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IBM's mid-range storage blast

Storwize. But without compression

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IBM has announced a new mid-range array made from many existing components. It uses the Storwize brand, but there's no compression. The XIV-style GUI brings Mac desktop graphics to storage admin.

The Storwize V7000 is a mid-range array that is said to complement the DS5000, but it uses modern software components allied to Jasper Forest processors and Xyratex drive enclosures to produce an array platform that looks eminently extensible.

It is a dual controller array, with each controller utilising a quad-core Jasper Forest (Nehalem style) processor to drive a virtualised three-tier storage backend connected over a SAS interconnect. The system uses the SVC (SAN Volume Controller) code stack, with its deduplication, thin-provisioning, virtualisation and data protection features. To this platform IBM has added the XIV GUI and DS8000 RAID and EasyTier features, producing an array from this mixture that could well replace the DS5000 at some stage.

This product takes the SVC idea of an in-fabric storage virtualiser that can embrace both IBM and third-party arrays, and implements it as a true array controller, Hitachi USP/VSP-style - albeit in a dual controller, modular design and not a monolithic array architecture.

It uses the Storwize main brand and V7000 sub-brand to mark a separation from the existing DS branding. We understand that the XIV brand is for enterprise arrays, with the V-brand being for mid-range ones.

Hardware spec

V7000 storage tiers can be 300GB STEC solid state drives (SSDs) which are a brand new 2-bit, multi-level cell design. The intermediate tier is 10,000rpm, 2.5-inch, SAS-interface, 2.5-inch hard disk drives. These use the 6Gbit/s SAS II interface, shades of HP's P9500 here.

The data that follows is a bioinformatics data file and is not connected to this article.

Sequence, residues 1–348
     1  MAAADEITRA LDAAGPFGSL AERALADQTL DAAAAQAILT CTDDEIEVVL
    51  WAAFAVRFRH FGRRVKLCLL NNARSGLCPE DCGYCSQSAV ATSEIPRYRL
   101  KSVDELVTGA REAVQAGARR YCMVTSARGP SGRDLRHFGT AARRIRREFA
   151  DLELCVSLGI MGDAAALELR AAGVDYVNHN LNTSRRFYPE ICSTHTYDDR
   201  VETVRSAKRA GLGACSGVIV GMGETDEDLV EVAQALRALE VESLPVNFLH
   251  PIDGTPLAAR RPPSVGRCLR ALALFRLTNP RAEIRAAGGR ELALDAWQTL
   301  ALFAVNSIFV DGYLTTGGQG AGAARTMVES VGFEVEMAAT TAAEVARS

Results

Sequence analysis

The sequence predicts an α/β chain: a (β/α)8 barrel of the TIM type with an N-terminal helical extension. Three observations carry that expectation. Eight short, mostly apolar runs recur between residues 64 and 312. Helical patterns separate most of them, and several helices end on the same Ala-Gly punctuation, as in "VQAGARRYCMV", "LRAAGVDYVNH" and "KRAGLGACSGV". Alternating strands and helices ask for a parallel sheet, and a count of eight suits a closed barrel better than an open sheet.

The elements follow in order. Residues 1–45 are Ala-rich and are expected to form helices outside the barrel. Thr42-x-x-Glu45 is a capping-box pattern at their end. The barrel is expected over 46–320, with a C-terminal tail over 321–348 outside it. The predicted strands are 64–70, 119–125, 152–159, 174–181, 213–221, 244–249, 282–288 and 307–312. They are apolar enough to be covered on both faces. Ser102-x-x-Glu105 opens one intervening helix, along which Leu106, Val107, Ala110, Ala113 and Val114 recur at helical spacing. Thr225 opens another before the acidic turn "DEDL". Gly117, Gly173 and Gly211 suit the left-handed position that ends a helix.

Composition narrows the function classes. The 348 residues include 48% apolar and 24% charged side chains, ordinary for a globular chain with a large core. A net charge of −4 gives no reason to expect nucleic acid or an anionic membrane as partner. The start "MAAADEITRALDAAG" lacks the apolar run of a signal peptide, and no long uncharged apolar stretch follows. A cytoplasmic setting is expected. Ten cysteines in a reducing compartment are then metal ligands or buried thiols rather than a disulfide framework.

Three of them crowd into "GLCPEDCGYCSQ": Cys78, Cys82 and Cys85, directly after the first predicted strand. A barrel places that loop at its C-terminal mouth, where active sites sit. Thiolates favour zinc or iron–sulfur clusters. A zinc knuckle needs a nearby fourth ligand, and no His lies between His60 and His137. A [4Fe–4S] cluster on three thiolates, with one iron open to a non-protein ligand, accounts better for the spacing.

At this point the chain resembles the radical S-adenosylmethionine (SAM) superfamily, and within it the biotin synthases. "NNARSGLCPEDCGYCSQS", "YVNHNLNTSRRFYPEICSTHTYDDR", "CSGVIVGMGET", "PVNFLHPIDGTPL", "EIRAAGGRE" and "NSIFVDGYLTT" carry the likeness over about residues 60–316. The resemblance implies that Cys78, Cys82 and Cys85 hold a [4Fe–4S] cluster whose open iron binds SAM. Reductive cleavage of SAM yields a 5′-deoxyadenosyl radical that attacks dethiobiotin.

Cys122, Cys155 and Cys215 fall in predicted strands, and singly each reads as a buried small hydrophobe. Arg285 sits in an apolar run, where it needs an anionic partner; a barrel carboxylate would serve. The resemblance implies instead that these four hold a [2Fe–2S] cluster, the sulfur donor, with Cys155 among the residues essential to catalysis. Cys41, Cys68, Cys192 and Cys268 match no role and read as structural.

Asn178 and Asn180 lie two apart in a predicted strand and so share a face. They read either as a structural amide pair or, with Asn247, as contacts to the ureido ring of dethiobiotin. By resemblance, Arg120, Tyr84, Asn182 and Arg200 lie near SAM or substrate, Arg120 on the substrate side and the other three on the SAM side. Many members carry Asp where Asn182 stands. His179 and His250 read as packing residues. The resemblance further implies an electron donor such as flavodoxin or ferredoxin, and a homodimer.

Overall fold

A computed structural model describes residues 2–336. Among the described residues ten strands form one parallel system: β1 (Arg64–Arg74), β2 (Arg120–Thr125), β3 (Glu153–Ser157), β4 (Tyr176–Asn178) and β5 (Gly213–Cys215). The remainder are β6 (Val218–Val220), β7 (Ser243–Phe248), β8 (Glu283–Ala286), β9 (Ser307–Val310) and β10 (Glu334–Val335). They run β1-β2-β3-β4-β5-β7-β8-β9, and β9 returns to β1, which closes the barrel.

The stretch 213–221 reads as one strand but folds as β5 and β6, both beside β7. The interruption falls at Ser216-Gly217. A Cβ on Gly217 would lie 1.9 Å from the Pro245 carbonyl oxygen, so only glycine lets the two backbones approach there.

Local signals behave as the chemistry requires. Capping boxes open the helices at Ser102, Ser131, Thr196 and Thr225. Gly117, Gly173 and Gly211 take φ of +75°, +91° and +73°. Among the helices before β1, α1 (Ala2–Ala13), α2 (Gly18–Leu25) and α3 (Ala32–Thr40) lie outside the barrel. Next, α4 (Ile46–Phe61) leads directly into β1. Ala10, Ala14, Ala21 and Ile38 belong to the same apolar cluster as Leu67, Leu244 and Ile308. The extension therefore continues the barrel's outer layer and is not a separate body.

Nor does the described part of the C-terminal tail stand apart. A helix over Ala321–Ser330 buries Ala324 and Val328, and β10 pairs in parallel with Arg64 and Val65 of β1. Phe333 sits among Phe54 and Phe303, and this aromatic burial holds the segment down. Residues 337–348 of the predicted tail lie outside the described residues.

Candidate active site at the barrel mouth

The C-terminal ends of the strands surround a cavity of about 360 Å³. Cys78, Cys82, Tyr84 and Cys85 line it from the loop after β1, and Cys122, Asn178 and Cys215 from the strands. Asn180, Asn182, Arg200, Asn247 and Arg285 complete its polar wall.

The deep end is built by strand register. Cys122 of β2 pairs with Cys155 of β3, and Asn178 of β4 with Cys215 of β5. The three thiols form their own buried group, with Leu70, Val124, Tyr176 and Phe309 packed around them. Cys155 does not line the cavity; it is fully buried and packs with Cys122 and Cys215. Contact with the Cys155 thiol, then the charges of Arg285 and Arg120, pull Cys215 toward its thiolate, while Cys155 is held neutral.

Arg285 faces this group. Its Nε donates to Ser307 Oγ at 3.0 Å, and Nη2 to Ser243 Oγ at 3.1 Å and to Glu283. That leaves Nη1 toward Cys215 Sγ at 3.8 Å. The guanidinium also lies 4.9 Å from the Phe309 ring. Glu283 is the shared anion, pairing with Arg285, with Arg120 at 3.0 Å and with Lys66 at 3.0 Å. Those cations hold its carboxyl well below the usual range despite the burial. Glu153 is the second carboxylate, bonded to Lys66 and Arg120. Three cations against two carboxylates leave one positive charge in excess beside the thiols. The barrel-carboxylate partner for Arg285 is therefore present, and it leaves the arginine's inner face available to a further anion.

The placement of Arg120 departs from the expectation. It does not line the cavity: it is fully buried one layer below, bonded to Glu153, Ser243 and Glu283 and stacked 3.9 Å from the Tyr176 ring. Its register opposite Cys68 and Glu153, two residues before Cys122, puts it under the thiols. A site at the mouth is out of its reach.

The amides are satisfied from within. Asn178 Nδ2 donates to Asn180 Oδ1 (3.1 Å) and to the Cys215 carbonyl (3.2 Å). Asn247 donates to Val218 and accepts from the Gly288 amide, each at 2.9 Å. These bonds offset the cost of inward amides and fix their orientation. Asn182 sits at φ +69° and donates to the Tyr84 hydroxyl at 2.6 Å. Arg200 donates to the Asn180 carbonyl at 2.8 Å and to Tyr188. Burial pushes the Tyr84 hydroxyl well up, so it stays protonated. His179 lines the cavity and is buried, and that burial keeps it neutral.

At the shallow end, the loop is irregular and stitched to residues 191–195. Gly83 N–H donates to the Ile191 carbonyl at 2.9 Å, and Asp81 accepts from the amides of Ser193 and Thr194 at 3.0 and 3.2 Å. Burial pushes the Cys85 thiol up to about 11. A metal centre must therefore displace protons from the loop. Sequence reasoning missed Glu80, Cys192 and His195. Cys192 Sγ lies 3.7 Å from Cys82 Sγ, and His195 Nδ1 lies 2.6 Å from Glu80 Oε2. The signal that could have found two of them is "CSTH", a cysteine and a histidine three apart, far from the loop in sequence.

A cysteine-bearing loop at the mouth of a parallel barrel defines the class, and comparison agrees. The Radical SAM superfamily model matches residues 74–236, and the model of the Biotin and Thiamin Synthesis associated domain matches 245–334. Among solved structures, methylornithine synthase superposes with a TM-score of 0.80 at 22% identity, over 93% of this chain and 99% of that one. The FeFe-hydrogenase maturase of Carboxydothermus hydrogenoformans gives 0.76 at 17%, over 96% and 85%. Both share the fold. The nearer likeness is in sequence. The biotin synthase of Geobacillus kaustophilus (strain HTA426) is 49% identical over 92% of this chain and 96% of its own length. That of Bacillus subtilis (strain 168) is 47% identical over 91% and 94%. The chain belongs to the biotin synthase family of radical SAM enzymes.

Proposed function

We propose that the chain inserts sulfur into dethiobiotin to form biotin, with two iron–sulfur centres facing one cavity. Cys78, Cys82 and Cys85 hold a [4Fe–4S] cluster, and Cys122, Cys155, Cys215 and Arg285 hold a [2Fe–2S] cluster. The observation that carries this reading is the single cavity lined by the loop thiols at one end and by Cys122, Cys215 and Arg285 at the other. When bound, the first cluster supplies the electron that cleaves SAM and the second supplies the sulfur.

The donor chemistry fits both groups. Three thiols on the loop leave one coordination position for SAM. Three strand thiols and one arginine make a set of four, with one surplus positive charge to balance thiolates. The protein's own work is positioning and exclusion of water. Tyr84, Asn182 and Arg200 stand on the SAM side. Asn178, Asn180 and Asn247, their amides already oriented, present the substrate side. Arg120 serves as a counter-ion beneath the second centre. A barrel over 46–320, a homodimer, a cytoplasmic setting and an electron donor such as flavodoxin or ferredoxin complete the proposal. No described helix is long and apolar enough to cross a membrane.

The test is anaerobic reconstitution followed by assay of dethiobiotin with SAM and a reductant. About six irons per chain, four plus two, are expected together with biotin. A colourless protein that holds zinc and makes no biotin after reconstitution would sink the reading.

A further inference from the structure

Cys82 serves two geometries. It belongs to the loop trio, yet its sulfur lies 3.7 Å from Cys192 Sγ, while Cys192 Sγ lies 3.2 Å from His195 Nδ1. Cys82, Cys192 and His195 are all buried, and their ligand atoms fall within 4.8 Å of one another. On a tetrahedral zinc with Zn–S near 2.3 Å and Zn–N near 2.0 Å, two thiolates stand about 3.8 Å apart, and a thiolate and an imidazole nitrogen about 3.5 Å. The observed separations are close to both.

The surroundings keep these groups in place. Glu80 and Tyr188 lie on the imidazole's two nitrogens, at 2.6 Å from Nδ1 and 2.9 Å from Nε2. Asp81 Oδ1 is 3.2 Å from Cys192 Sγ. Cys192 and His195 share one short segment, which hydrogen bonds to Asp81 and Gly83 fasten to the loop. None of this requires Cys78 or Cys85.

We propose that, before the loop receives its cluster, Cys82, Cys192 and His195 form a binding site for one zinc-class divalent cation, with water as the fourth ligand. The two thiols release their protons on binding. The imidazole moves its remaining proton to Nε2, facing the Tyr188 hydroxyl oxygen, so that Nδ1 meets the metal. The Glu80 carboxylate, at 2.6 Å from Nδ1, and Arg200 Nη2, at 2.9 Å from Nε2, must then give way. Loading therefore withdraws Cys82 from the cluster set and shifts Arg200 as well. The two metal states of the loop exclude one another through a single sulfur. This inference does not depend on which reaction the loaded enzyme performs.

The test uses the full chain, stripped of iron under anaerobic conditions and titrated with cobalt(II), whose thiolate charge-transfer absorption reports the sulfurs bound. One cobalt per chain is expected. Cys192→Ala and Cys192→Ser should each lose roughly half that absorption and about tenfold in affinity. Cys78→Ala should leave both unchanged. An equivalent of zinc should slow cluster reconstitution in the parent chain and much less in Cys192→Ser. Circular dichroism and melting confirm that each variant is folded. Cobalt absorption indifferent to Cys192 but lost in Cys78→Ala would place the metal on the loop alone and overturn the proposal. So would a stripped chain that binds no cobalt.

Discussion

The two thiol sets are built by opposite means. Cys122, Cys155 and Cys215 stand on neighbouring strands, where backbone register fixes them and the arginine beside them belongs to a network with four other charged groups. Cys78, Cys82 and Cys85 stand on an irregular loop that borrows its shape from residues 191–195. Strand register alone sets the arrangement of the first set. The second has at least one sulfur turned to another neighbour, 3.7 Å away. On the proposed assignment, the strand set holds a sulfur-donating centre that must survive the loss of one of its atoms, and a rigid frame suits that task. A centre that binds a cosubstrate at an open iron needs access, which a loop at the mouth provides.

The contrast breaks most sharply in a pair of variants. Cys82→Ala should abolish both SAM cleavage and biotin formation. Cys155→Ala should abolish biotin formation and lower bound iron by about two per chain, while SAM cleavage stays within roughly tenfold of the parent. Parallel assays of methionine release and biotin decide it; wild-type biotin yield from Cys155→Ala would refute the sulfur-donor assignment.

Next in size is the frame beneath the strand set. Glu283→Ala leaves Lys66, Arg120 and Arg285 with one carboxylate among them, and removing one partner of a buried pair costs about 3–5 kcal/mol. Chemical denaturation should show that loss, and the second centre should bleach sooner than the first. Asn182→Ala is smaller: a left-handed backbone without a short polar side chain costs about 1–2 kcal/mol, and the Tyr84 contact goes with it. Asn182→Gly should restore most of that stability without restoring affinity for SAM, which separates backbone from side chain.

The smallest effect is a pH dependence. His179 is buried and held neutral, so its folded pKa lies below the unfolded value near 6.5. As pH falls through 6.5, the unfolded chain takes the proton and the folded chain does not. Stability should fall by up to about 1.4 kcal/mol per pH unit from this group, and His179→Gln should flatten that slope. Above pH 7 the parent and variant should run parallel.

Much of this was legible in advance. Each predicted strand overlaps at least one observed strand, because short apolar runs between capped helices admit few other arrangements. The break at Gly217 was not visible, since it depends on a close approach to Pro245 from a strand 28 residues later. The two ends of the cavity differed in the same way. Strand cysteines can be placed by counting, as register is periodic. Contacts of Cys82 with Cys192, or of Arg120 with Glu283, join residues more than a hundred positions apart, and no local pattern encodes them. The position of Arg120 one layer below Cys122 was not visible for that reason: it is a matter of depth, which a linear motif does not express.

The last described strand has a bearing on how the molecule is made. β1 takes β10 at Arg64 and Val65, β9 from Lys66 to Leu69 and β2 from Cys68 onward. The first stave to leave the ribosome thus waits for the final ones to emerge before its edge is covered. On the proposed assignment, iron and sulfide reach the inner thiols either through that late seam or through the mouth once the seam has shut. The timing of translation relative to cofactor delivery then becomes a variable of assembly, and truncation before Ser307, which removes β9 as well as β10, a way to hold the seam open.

The third tier is bulk data storage 7,200rpm, 3.5-inch SATA disk drives.

Hosts interface to the V7000 via 8Gbit/s Fibre Channel or four 1Gbit/E ports, while iSCSI is provided natively. The controller unit is a 2U rack enclosure which can hold 24 2.5-inch drives or 12 3.5-inch drives, with capacity maxing out at 24TB using 2TB drives. The 2.5-inch disk drive capacities are 300, 450 or 600GB.

There can be up to nine expansion cabinets, making a grand total of 240 small form factor (SFF) drives or 120 3.5-inch drives.

Drive types, meaning SSD and HDD, can be inter-mixed in the same enclosure, with drive enclosures being inter-mixable too. Our understanding is that 15,000rpm drives are being qualified.

The performance, as you might expect from a design featuring plentiful flash and spindles, is pretty good. "We've submitted an SPC-1 benchmark with 120 drives and a visualised DS5020 behind it," IBM master inventor Barry Whyte said. "It's not been published yet but it achieved 56,500 SPC-1s." We understand that peer review has been completed and this is number is solid.

"We're running an SPC-2 benchmark and will be doing an SPC-1 with a full 240 drive configuration," Whyte said. "At 240 drives,we still have 50 per cent of the controller functionality left over to virtualise other drives. It means it can keep up with SSDs, and performance is maintained with EasyTier and thin provisioning active. ... We would be quite happy for customers to run a production archive behind it."

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